|AFTERLIFE WP2 lanched|
06 Juin 2018
Four-year project to develop an integrated solution for the recovery and conversion of relevant fractions from wastewater to make natural additives and bioplastics
As mentioned in a previous news (AFTERLIFE Kick-off meeting), Celabor is one of the 15 partners involved in AFTERLIFE, a European collaborative project framed on the Bio-based Industries call (H2020-BBI-JTI-2016). The AFTERLIFE project proposes a flexible, cost- and resource-efficient process framed in the zero-waste and circular economy approach for the recovery and valorisation of the relevant fractions from wastewater.
The first step of the process consists of a cascade of membrane filtration units for the separation of solids in wastewater (WP1). Then, the concentrates, recovered in each unit, will be further treated to obtain pure extracts and metabolites with applications as food and cosmetic additives (WP2). Alternatively, the recovered molecules can be converted into value-added biopolymers (PHAs = polyhydroxyalkanoates), using specialized microorganisms (WP3). Moreover, the process also provides an ultra-pure water stream, that can be reused directly. As planned in the proposal, work package 2 (WP2- Purification of compounds of interest) officially started April 19th.
One role of Celabor in the project is to lead work package 2 and execute the work together with L’urederra and CTC partners.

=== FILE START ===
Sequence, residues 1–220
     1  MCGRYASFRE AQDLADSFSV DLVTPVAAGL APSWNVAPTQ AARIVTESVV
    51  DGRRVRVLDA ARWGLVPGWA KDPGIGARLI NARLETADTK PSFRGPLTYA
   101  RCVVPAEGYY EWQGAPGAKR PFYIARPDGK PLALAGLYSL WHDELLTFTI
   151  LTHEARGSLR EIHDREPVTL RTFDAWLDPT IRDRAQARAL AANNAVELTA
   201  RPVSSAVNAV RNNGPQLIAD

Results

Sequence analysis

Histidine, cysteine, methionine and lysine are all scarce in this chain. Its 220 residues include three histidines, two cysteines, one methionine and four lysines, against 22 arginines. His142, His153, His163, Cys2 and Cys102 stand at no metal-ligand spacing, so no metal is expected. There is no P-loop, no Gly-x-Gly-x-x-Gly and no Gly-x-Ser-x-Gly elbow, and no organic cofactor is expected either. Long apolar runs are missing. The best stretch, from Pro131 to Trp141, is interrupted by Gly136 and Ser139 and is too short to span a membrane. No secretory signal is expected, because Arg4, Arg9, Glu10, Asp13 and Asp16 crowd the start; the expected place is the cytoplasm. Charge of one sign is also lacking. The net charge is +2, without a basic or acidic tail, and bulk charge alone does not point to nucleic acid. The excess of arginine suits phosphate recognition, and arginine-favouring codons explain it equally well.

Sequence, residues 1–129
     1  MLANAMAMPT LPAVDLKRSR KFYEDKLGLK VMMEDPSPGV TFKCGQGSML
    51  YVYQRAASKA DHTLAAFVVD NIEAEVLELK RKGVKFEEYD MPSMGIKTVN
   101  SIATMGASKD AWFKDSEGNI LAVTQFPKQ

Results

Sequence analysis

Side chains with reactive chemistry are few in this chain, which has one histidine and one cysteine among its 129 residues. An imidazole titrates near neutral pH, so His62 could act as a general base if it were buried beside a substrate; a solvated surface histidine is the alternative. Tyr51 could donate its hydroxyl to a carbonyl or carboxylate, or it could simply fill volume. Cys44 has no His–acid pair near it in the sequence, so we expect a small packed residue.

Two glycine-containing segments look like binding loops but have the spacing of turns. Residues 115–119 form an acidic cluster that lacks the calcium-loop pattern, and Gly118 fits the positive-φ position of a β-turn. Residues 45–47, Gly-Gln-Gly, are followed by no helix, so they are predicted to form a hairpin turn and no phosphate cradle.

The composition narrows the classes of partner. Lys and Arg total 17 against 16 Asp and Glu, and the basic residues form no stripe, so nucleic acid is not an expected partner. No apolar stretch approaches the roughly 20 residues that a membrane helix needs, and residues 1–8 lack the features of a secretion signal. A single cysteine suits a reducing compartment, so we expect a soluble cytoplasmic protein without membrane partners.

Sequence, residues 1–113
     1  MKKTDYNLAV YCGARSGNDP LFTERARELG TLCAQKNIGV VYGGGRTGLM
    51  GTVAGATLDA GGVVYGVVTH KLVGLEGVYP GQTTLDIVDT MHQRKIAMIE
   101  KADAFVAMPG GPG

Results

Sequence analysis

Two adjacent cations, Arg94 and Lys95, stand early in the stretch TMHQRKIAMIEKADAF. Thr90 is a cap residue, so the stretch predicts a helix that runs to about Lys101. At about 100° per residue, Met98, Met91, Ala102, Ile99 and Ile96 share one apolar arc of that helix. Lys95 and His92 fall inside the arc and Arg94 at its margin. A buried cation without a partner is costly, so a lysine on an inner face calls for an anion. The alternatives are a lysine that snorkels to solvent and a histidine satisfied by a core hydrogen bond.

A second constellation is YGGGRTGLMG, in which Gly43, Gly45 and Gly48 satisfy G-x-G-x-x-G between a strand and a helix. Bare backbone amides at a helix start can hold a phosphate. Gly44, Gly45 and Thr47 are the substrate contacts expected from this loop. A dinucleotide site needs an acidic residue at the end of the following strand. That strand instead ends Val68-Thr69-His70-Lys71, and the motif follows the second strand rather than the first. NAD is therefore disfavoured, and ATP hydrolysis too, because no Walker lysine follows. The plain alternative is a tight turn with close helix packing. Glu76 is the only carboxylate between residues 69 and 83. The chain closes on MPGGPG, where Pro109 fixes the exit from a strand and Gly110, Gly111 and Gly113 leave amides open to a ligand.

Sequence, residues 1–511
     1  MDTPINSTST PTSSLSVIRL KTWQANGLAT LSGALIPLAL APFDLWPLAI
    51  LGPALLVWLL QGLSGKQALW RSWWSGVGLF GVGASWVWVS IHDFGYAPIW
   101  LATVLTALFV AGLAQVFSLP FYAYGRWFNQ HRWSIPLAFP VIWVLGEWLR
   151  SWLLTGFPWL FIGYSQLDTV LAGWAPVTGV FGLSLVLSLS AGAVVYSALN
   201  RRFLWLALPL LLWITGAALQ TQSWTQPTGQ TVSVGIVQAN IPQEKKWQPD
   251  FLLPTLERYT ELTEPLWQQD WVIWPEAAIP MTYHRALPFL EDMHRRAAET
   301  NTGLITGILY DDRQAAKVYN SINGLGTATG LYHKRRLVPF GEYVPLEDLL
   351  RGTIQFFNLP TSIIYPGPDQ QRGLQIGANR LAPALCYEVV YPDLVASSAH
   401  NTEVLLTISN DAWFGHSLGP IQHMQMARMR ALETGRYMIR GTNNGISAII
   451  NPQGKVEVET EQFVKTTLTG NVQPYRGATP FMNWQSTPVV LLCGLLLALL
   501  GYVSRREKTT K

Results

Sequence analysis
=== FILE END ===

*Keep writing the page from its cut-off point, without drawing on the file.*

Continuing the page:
Wastewater coming from three water-intensive food companies, processing citruses (Citromil), cheese (Heritage 1466) and sweets (Jake), are being processed, after characterisation, through various membrane filtrations (WP1). The first task of Celabor in WP2 is to analyse where are located the compounds of interest in the produced fractions. Then, the fractions containing the targeted compounds will be extracted using green technologies such as supercritical CO2 or conventional solvent extraction. The extracts could be concentrated through resins or precipitation methods. Some specific compounds such as limonene, hesperidin, limonin or vitamin C are going to be purified using CPC, resins and other packing-column material to get additional value. Their stability and their antioxidant/antimicrobial/anti-aging capacity will be assayed for their application as cosmetic additive and for the elaboration of different food products. Finally, according to the zero-waste strategy, all the residual products will be used to determine their potential as substrates for the acidogenic fermentation (WP3). Proteins fraction could also be valorised as raw material for industrial application (gelling additive, protein hydrolysates).
For further information or to follow the evolution of WP2, please feel free to visit the project website (http://afterlife-project.eu/) or to contact directly Dr. Marie-Caroline JONVILLE (firstname.lastname@example.org).